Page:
As I contemplated the real possibility of an Obama victory and listened to right wing pundits revise history still unfolding, I thought of titles for this blog:
"Neocon Logic: This Statement is Untrue"
"The Modern Free Market System is False But a New Revelation Shall Come"
" They Would Feast on Themselves: All the Money's Gone, Nowhere to Go"
I decided on:
"No Currency Left to Buy the Big Lies"
In the pre-capitalist reality, James Madison said when he put power in the hands of the business elite, he would be entrusting "enlightened statesmen and benevolent philosophers who would devote themselves to the welfare of all."
Clearly, he believed this statement in the way I guess some modern Republicans do. The only problem was that he eventually realized this didn't work and in 1792, disillusioned and worried about the democratic experiment, condemned what he called "the daring depravity of the times." He went on to denounce the business elites who, given ultimate power, "become tools and tyrants of government...they overwhelm government with their powers and combinations and are bribed by its largesse." That's how he perceived the system he had helped design. In 2008, this is an apt description of the Republican relationship to government and power.
Finally, some blue light, tectonic plate shifts, a sea change, we hear... a wave of despair carrying us to a new place. The bastards are finally meeting their grisly ends and will be discarded and abandoned as men come to power who will actually try to govern. I know we're supposed to be civil but I'm not a real believer in this method when dealing with crimes.
What does the sea change mean? How can we help people understand what is happening and help them contextualize it?
First the past: Senator McCain, Governor Palin and assorted surrogates are delusional and breathtakingly corrupt. They disgrace themselves and their country as they lie, smear, slur and write it off as political manner.
Yet the creeping truth must frighten them late at night: there is no currency left to buy the big lies.
There is no more money left to loan or borrow the big lies or to sell them. No more money left to pay off the debt, the wreckage in the wake. The orgy of excess has drained every bottle, smashed the furniture and left the cupboards bare. All that's left is derivative debts -- bets between liars and lies. Trillions of dollars. Turned capitalism into a Ponzi scheme for trading worthless paper. No real value anywhere. No matter how much money Ben Bernanke prints.
We are asked to stand over the abyss and experience our own destruction as another political game show -- just another surreal horse race. We watch millionaires and paid Republican hacks appear on television yelling "Socialist!" at Obama as if the Bolsheviks are coming to rape our daughters. These are the same people who oversaw the greatest upward redistribution of wealth in the history of this country. The same people who, through general lawlessness and a privatization frenzy, succeeded in shredding the Constitution, turning war, illegal domestic spying, security, border patrol, interrogation, and even torture into profitable industries gorging on the state.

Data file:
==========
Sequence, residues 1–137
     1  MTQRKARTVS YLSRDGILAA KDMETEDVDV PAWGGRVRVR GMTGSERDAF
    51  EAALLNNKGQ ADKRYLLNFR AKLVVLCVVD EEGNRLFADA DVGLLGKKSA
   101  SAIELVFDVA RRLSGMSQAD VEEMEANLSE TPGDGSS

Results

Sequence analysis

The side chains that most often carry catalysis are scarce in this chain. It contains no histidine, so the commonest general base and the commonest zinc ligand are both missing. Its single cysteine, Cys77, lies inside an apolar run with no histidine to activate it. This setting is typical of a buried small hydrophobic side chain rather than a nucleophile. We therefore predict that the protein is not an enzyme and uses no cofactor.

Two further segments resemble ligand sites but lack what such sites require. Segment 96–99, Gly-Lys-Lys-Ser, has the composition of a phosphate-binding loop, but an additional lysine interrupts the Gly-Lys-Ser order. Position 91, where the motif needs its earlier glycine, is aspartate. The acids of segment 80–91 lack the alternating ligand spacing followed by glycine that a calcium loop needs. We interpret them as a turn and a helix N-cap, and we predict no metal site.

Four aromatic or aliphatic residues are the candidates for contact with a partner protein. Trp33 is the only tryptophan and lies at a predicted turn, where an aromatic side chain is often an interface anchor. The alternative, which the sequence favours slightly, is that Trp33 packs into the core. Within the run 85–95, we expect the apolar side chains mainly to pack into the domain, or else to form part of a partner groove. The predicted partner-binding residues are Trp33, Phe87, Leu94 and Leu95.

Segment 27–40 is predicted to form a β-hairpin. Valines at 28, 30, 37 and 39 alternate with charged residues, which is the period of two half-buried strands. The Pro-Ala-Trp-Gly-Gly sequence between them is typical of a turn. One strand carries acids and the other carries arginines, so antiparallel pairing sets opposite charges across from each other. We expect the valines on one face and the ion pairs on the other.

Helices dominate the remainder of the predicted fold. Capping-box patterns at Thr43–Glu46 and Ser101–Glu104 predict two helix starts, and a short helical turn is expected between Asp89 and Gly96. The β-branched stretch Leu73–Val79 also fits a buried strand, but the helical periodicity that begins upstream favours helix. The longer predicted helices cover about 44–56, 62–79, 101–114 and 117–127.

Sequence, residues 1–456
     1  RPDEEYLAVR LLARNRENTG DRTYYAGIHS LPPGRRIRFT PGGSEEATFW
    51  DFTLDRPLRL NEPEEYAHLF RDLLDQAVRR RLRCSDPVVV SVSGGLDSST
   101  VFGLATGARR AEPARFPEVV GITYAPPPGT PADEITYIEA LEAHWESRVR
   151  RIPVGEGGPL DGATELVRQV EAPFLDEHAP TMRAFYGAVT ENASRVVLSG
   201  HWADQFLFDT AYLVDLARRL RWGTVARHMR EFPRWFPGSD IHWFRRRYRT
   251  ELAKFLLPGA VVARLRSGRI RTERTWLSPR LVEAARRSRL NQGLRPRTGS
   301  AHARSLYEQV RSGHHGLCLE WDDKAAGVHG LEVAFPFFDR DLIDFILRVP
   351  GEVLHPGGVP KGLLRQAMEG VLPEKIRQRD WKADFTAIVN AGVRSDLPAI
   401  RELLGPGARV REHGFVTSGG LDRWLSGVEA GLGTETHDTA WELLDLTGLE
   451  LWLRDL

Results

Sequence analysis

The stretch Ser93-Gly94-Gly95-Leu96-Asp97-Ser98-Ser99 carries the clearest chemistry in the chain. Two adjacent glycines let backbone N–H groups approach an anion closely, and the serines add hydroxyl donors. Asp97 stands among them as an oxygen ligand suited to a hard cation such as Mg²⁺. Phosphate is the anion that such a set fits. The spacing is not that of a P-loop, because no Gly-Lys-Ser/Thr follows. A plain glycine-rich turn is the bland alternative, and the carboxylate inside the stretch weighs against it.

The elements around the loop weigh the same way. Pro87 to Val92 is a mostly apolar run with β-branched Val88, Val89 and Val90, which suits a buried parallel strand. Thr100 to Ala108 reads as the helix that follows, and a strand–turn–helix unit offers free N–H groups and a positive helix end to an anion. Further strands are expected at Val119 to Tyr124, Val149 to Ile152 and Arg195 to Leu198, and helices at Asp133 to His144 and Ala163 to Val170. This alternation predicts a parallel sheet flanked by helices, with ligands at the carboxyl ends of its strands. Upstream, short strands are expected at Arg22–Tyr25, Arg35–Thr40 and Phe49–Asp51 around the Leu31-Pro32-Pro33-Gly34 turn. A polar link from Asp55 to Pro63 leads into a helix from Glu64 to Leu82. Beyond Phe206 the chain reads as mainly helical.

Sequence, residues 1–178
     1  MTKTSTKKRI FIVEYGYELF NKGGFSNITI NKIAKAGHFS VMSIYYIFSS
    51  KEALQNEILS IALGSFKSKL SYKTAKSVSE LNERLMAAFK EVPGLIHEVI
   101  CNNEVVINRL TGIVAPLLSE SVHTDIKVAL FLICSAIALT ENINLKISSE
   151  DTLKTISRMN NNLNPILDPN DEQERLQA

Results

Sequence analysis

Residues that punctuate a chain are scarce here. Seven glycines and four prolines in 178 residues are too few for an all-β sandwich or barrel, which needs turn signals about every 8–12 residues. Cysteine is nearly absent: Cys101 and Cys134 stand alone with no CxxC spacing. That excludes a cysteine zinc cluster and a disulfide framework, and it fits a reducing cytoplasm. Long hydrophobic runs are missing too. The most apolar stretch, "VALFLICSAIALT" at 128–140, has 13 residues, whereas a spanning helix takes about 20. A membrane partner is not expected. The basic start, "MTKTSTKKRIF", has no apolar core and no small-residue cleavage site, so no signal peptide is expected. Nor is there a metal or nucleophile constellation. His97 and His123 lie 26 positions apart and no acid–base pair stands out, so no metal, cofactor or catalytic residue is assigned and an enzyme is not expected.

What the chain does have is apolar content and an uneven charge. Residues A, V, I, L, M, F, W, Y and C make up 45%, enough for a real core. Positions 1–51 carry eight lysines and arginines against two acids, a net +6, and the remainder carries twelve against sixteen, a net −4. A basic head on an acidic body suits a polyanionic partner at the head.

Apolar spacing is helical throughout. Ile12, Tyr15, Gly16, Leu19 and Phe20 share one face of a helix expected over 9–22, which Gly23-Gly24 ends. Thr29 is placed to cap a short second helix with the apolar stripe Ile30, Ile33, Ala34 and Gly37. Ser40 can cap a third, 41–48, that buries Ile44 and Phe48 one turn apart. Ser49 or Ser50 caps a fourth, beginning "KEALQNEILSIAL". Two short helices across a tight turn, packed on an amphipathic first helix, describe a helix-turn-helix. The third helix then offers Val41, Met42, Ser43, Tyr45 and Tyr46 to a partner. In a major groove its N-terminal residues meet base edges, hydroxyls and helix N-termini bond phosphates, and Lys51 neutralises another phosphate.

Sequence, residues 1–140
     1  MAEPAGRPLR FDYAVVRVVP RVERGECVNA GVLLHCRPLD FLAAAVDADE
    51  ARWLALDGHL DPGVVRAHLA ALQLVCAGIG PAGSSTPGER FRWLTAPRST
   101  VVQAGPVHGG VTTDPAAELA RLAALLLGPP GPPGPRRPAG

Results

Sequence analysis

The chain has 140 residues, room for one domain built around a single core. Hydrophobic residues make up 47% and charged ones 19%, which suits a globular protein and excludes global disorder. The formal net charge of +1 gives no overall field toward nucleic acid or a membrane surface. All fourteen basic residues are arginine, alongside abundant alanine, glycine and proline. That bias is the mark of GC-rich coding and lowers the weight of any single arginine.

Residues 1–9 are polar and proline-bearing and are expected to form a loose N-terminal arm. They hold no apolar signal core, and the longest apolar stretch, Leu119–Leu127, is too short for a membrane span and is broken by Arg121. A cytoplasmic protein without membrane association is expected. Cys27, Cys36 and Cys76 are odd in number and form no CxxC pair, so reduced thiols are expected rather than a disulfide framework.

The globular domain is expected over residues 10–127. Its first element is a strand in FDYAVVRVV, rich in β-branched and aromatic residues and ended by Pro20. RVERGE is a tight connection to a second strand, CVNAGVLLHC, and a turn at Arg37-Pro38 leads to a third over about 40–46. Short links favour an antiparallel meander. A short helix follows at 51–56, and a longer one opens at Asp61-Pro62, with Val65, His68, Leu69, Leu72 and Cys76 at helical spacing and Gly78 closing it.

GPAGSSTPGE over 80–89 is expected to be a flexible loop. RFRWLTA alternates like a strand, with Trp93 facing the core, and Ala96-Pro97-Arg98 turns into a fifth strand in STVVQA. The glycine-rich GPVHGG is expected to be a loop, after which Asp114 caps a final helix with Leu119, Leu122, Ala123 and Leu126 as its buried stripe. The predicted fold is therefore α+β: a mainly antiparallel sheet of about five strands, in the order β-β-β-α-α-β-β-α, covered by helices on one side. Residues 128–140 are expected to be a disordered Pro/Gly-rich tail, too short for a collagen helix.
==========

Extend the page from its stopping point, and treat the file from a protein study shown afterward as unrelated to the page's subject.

So define the big lie: free marketers want free markets. Not so, the facts say. They are the biggest welfare freaks on the planet.
These men and keepers of the faith would lecture us with a straight face on the evil socialists/ communists/terrorists /vampires/space aliens who would dare "redistribute wealth" by amending the tax code. Two wars and the only shared sacrifice they want is more tax cuts for the rich and for the U.S. citizenry to continue shopping. As Sidney Falco said, you gotta give it to them, their gall is gorgeous.
If we stay the course, we are told, we will finally, one day, reach that shining city on a hill, the free market-based fundamentalist utopia. Even though all evidence points the other way, we should listen, reason, step back and watch them as they devour what's left of the government. They will feast on themselves -- the feast of carrion the Book of Revelation tells us -- but I digress, sort of. It's over. This would be a great system if there were no human beings.
Mathematical realism. Eat what you kill. The bottom line. Greed is good. Graphs and flow charts and metrics for success. All social organization is based on profit as the unifying force and engine of the common good and even social justice; worship the market, even as you corrupt it.
Our perfect system will provide for all.
And yet Wall Street cripples America and the world because it won't adhere to the same rules it says we must obey for the good of freedom. Because reality won't be a slave to their machine.
And so this is how we can rationalize privatizing war. At last look, with 630 corporations like Blackwater and Halliburton getting 40% of the $2 billion spent each week in Iraq, no one can doubt the corporatist dominance of the war machine.
Mathematically, the market crash shouldn't have happened according to their system, but human feelings make panic and panic cannot be calculated. I would bet that someday someone will discover that math adheres to a quantum reality: the participants and the observers affect the outcome. I digress again. But not really.
Instead of an international consensus based on trust and global community, the Neocons say trust no one, need no one, ask no one. Rigged, "open" markets are created at the barrel of a gun after bombing a country. We must all bow to the market.
Collapse, chaos, lawlessness. And even the market voted with its feet.
The era of market idolatry is over.
This is the end of Milton Friedman, Reaganomics and supply-side theory. This ideology has never been about free markets but a fundamentalist vision that is a cover for naked aggression and a social contract based on fear and greed. The government's job is to create optimal conditions for corporate profit, to privatize everything in sight and to sell off its own body parts. To literally devour itself.